Article Summary Localization: The Revolution in Consumer Market (Harvard Business Review Article )
This article has extensively reviewed how big giants of retailing and consumer goods companies embracing localization and customization and going away from their customization. In fact, the increasing diversity among communities, local competitors, and lack of innovation are forcing big retailers like Wal-Mart, Best Buy, 7-Eleven, etc., to localize to some extent while at the same time reaping the benefits of standardization of their marketing, supply chain, and promotional strategies. This article also presents why retail chains and consumer goods companies should customize their stores, product assortment, promotional strategies, and product lines, etc., by using the cluster approach, centralization of decision-making, and diversity in product lines. In addition, it presents the retailers can localize their business elements and put them in three categories of “Offer,” “Location,” and “Time.”
I have realized the fact that consumer markets once dominated by big retailers and consumer goods manufacturers having standardization in all of their major operations of sophisticated supply chains, operational strategies are now moving towards customization and localization. In fact, they have to know the strategic dimensions of localization after facing the problems of local fierce competitors, diversity in life styles, wealth pattern and ethnic groups, lack of innovation, erosion of differentiation, and increasing going towards commoditization. However, they have not altogether shifted away from standardization, as they have innovative supply chain management programs, data-mining software, and RFID technology, which allow them to efficiently control demand and supply mismatches at each store.
As we have observed that too much standardization makes a company stagnant and result in a decrease in market share and profitability, and on the other hand, too much customization can sufficiently increase costs and damage the real brand image, it is important for mangers to use cluster approach to choose the business elements to be localized with the help of different analytical tools like CHAID by Wal-Mart. In this way, companies can limit the level of customization in order to achieve economies of scale at the same time as it has been done by Wal Mart, Best Buy, and American Eagle Outfitters. In addition, managers of retail companies have to think about the changes that will take place along their supply chain with the localization. This impact requires managers of consumer goods companies to bring diversity in their product lines as VF has done it successfully.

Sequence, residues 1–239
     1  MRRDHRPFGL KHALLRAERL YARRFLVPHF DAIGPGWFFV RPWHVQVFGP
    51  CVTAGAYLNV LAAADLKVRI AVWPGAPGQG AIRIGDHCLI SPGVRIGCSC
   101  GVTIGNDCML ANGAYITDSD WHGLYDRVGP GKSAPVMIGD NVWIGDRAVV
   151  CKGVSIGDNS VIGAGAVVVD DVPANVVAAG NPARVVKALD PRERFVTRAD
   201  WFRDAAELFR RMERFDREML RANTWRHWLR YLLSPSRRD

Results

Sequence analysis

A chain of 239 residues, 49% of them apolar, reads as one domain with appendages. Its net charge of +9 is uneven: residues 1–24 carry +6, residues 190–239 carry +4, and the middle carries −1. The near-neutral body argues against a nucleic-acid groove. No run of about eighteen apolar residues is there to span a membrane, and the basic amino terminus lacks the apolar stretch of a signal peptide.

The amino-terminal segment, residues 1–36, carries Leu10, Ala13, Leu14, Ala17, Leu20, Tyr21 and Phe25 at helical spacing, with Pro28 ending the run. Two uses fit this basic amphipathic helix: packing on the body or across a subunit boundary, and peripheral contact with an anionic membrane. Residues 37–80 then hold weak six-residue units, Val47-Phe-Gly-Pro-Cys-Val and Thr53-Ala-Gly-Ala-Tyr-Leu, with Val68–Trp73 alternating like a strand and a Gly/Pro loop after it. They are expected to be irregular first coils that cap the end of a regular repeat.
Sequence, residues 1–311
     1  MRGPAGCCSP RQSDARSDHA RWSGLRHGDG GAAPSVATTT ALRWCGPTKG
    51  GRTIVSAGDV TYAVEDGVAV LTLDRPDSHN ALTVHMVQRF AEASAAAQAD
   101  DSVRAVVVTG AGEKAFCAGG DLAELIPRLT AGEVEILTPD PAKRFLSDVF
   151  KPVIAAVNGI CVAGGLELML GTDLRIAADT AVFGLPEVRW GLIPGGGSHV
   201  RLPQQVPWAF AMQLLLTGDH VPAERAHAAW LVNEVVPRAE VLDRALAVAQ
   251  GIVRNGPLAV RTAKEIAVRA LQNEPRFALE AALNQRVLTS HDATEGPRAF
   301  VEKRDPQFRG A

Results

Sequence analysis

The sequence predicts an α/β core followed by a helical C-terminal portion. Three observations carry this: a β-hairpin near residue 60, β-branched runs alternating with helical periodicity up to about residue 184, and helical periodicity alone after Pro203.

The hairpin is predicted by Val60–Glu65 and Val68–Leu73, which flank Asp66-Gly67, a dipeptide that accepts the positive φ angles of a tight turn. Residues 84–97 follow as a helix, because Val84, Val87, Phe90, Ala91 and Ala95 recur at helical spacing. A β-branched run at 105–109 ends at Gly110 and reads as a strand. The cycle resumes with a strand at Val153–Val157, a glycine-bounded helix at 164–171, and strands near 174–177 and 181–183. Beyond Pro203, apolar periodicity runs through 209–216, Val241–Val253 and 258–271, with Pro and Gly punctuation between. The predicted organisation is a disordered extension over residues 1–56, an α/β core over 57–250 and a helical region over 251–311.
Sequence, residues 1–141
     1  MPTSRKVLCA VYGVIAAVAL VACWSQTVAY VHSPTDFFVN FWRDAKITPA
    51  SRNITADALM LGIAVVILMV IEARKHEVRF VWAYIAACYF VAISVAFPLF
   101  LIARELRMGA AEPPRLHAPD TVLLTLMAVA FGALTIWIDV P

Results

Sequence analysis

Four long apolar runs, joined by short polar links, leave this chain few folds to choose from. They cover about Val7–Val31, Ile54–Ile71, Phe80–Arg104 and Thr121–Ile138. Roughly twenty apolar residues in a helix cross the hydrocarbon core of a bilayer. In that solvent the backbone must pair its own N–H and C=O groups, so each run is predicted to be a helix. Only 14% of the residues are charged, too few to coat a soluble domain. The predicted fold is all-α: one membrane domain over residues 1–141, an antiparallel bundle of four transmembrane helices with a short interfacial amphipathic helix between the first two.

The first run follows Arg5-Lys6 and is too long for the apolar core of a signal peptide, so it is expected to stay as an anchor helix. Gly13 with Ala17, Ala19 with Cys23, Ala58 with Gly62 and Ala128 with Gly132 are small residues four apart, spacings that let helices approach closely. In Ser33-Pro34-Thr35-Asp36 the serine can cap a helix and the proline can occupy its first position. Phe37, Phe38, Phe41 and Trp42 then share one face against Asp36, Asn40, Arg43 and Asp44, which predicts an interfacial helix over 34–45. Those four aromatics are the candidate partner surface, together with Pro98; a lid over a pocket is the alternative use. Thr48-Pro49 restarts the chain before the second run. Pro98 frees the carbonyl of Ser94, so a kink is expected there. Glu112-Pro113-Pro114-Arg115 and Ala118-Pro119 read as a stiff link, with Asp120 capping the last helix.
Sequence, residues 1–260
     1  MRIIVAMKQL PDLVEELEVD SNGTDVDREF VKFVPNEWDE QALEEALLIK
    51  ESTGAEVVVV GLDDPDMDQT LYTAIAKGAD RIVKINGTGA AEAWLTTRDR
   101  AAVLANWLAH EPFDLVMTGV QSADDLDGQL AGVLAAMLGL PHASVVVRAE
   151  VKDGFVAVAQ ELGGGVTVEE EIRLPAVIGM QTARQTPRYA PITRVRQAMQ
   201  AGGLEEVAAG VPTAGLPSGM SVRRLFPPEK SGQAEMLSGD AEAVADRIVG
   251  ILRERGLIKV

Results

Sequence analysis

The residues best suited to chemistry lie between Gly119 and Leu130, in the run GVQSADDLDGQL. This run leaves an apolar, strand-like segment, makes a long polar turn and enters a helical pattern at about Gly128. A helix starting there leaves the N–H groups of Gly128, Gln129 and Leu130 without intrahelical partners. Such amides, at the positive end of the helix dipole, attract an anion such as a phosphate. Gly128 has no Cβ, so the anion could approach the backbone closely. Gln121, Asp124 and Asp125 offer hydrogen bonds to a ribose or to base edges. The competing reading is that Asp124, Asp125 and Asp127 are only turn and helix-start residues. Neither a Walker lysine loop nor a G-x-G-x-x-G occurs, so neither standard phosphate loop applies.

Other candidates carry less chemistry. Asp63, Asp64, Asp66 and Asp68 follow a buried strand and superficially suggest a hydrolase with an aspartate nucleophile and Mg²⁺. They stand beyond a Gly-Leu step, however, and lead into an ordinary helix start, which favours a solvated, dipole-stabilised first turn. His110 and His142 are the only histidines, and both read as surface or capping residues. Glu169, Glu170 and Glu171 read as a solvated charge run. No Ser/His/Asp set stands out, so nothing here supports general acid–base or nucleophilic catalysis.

Question: As localization is being embraced by big retailers and consumer goods companies, will it force them to distort their brand image?
As the globalization phenomenon is expanding at a very rapid speed throughout the world where differentiation among products, services, and stores designs is eroding very fast and leading towards homogeneity of product and services, it can be said that it might be difficult for big retailers and consumer goods companies to have the same brand image in diverse clusters made for customization. On the other hand, sometimes local government bodies and the retail environment of the market does not allow a retailer to have the same brand image and reap the benefits of standardization as a source of achieving economies of scale as witnessed in India, where the recent entry of the world’s biggest retailer Wal-Mart faced problems of introducing only two brands, making joint-venture with Bharti Enterprises and target only institutional consumers and retailers. Here we can easily understand this forced localization might have damaged the original brand image of Wal-Mart from everyday low prices and presenting its name as “Wal-Mart Bharti.” In addition to it, sometimes these local arrangements do not allow big retailers to centralize the local operations to avoid too much decision-making. Hence, it is important for retailers and consumer goods companies to carefully review the local market before entering and localizing their products, services, and stores in order to maintain their brand image.